My daughter was 4 years old when she saw the Star Wars films for the first time. I jumped at the chance to take her to see A New Hope on the big screen, which is how it was meant to be seen. And watching an original 35mm print in a darkened theater surrounded by several hundred other fans was enough to make me feel 4 years old again, too.
Soon enough, she could narrate the entire original trilogy. She played with my vast collection of toys, and she discovered her own newer action figures. She listened to the NPR dramatization on an endless loop. She dueled with Darth Vader at Walt Disney World.
When my son came along, his first contact was also with the original trilogy, but at home on a Blu-ray version. He was also immediately captivated.
Everyone has their own unique journey to discovering Star Wars. The galaxy and the franchise have become so massive that there are countless points of entry. But there is always an entryway — a point of first contact, if you will. For many people, it’s one of the films. For others, it might be one of the animated series, a book, or a comic.
Whatever it is, when you sit down to watch or read a story set in that galaxy far, far away, something in it resonates. Something clicks. Something grabs ahold of your imagination and won’t let go. Suddenly, you’re a Star Wars fan.
Fans of a certain age (i.e., those of us who are first-generation fans) discovered the original trilogy at the beginning. Our journey involved darkened theaters, shocking revelations of parenthood by Darth Vader, Kenner toys, and goofy picture books. Brilliant.
A second generation of fans came of age when the prequel trilogy took the country by storm. For many of them, The Phantom Menace was their first exposure and how they discovered Star Wars. Their entryway was populated by young Anakin, Padmé, Darth Sidious, and more Jedi than you could shake a stick at. Wonderful.
Today, another generation is discovering and growing up with Star Wars through the sequel trilogy and beyond. There have never been more points of entry. And many of the fans who made up those previous generations now have kids of our own — and we’re bringing them along with us for the ride.
Nevertheless, one thing remains true: Every fan has his or her own unique journey to discovering Star Wars, even with an established fan acting as a guide and teacher. Today, the characters and stories that we grew up with are not only still popular, but also very much alive and actively growing.
Our kids grow up on a steady diet of Star Wars books, toys, lunchboxes, and games. And in many cases they have all of these things, and an understanding of key characters, before they even see the movies.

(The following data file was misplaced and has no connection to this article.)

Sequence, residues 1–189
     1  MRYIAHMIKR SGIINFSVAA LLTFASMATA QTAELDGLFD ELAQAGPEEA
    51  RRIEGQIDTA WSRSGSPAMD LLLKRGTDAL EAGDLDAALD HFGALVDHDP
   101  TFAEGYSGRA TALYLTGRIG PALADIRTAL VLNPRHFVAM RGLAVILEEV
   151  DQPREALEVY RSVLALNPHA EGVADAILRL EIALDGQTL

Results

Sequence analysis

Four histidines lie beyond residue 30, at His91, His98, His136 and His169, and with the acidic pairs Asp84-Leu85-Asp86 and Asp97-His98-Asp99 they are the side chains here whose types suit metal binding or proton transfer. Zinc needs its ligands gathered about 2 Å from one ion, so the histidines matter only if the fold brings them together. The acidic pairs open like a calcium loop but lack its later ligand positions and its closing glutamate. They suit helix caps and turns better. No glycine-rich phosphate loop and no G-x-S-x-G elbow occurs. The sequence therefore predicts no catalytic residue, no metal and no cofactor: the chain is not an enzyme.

My children have found their way through the galaxy together. The films played a huge role in that, sure, but they also forged their own path through Star Wars Rebels, LEGO Star Wars, the Origami Yoda books, Forces of Destiny, and on and on and on.
Their journey to becoming fans has been so different from my own. And I love that. I love that we all have different experiences and find different things to love. I love that Star Wars continues to tell stories for all types of fans of all ages.
Being a parent is a constant balancing act. We want to share the things we love, but we also want our kids to come to the story in their own way, on their own terms, and seen through their own eyes. Hopefully, our kids will care enough about the story to make sure their own children discover it (in ways we can’t even imagine).
My kids love Star Wars because of their own experiences with it. They have their own favorite characters and scenes, and there are stories that speak directly to them. And that’s that’s how it should be.
There are so many ways to discover and experience the saga. It doesn’t really matter if you start with The Phantom Menace or A New Hope, The Force Awakens or Galaxy of Adventures, Star Wars Rebels or Star Wars Resistance.
And it doesn’t really matter where you go from there.
Jamie is a publishing/book nerd who makes a living by wrangling words together into some sense of coherence. He’s also a contributor to GeekDad and runs The Roarbots, where he focuses on awesome geeky stuff that happens to be kid-friendly. On top of that, he cohosts The Great Big Beautiful Podcast, which celebrates geek culture by talking to people who create it. With two little ones and a vast Star Wars collection at home, he’s done the unthinkable: allowed them full access to most of his treasure from the past 30 years, opening and playing with whatever they want (pre-1983 items excluded).